One of the things I’ve noted at Sainsbury’s is the plethora of targets. Quite rightly, they aim for customer satisfaction. However, I wonder if the people responsible for targets have ever really looked at the service from the customer’s point of view, or considered what the customer really wants. For example, one of the targets for checkout staff is not only that they should put shopping through at a certain speed to avoid queues (good), but they are supposed to engage in conversation with the shopper simultaneously. As a shopper, I don’t want conversation. Politeness, yes, but conversation, no. I’m here to shop, not engage in small talk. I don’t like small talk at the best of times. So when I’m shopping, I want to get in there, get on with it and get out as expediently as possible.
Now, it seems, others are jumping onto this bandwagon with the intention of annoying me even more.
Workers are being taught how to spot people who look after elderly, sick and disabled relatives by the contents of their shopping baskets, so they can be advised about support they are entitled to.
Cashiers are being trained to discretely ask customers about their personal circumstances while serving them.
They can then put those requiring help in touch with charities that can provide information on financial and practical assistance and respite care.
Okay, I’m not a carer. However, if I was, I wouldn’t want the person on the checkout at my local Sainsbury’s asking me about it. I would clam up rather than spill the beans. It is, after all, none of their business and I would keep it that way. If I needed help, I would go out and find it. It’s what I’ve always done when I’ve needed outside help. That is why we have such organisations as the Citizens’ Advice Bureau after all.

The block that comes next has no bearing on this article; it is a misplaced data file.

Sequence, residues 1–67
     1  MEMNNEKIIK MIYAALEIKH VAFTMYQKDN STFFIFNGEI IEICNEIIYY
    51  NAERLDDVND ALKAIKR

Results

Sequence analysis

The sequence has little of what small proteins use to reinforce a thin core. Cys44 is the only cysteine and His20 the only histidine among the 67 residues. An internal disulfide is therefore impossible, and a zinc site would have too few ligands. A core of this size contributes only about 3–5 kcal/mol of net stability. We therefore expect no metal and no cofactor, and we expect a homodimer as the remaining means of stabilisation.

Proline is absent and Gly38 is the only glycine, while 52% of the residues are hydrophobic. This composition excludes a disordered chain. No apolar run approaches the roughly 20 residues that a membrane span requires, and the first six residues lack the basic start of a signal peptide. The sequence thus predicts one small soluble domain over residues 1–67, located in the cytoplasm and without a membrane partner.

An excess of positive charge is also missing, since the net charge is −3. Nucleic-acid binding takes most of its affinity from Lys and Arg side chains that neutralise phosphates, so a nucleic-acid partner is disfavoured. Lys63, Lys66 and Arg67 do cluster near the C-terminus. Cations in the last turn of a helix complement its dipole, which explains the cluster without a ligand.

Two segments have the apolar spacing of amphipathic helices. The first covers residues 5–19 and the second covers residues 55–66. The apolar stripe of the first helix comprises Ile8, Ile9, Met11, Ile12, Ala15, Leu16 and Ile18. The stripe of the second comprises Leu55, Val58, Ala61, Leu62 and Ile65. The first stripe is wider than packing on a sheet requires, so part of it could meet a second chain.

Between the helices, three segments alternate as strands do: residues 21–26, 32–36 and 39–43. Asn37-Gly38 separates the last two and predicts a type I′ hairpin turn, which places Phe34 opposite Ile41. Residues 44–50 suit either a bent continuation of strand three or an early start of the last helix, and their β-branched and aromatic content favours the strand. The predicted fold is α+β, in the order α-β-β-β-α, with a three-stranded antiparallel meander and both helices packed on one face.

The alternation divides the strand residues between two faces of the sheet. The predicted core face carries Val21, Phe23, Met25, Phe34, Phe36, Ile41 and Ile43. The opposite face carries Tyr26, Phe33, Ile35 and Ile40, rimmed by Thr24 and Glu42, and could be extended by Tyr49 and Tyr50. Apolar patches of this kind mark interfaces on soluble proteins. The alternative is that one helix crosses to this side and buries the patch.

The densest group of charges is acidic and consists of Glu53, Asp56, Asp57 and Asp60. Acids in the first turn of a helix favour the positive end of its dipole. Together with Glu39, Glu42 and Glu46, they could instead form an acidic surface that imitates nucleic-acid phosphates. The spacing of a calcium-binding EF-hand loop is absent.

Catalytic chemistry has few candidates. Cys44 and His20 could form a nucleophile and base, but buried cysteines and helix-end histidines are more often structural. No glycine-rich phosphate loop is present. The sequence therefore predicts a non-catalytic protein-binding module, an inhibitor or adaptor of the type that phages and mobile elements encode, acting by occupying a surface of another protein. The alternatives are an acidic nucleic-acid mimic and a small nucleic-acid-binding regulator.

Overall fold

Apparently pharmacists are also being “trained” to do this. A pharmacist is already trained to discuss treatments and symptoms when dispensing medicines. I’ve had some long discussions about my health history relating to my migraines when buying triptans for example. This is fair enough and if one is buying for an infirm relative, the pharmacist will still want to be sure that the medicine is dispensed correctly according to need and medical history. So there is a slight difference here. However, if all one is doing is collecting a prescription, I would expect no more than to pay for it an walk out, I wouldn’t expect questioning over my circumstances as it isn’t relevant, the GP has dealt with the issue of appropriate medicine. Personal circumstances are just that; personal.
However, concerns have been raised that the initiative intrudes on people’s private lives.
Daniel Hamilton, of the campaign group Big Brother Watch, said: “It strikes me as something that will make a lot of people uncomfortable. They are trying to do the right thing but they have to be careful about how they do it.”
It does intrude on peoples’ private lives (and it would make me feel uncomfortable). That is the whole point. And as such it is an intrusion too far even if it is being touted as “for our own good”. Aren’t all these initiatives “for our own good” after all?
People have tongues in their heads. If they need help, they can ask. If they don’t, it does not justify using the check-out operator as a defacto spy on everyone passing through their tills.
A spokesman for Sainsbury’s, which is piloting the scheme, said all questioning would be done in an “absolutely discrete and unobtrusive manner”.
That’ll be a another target on the list, then…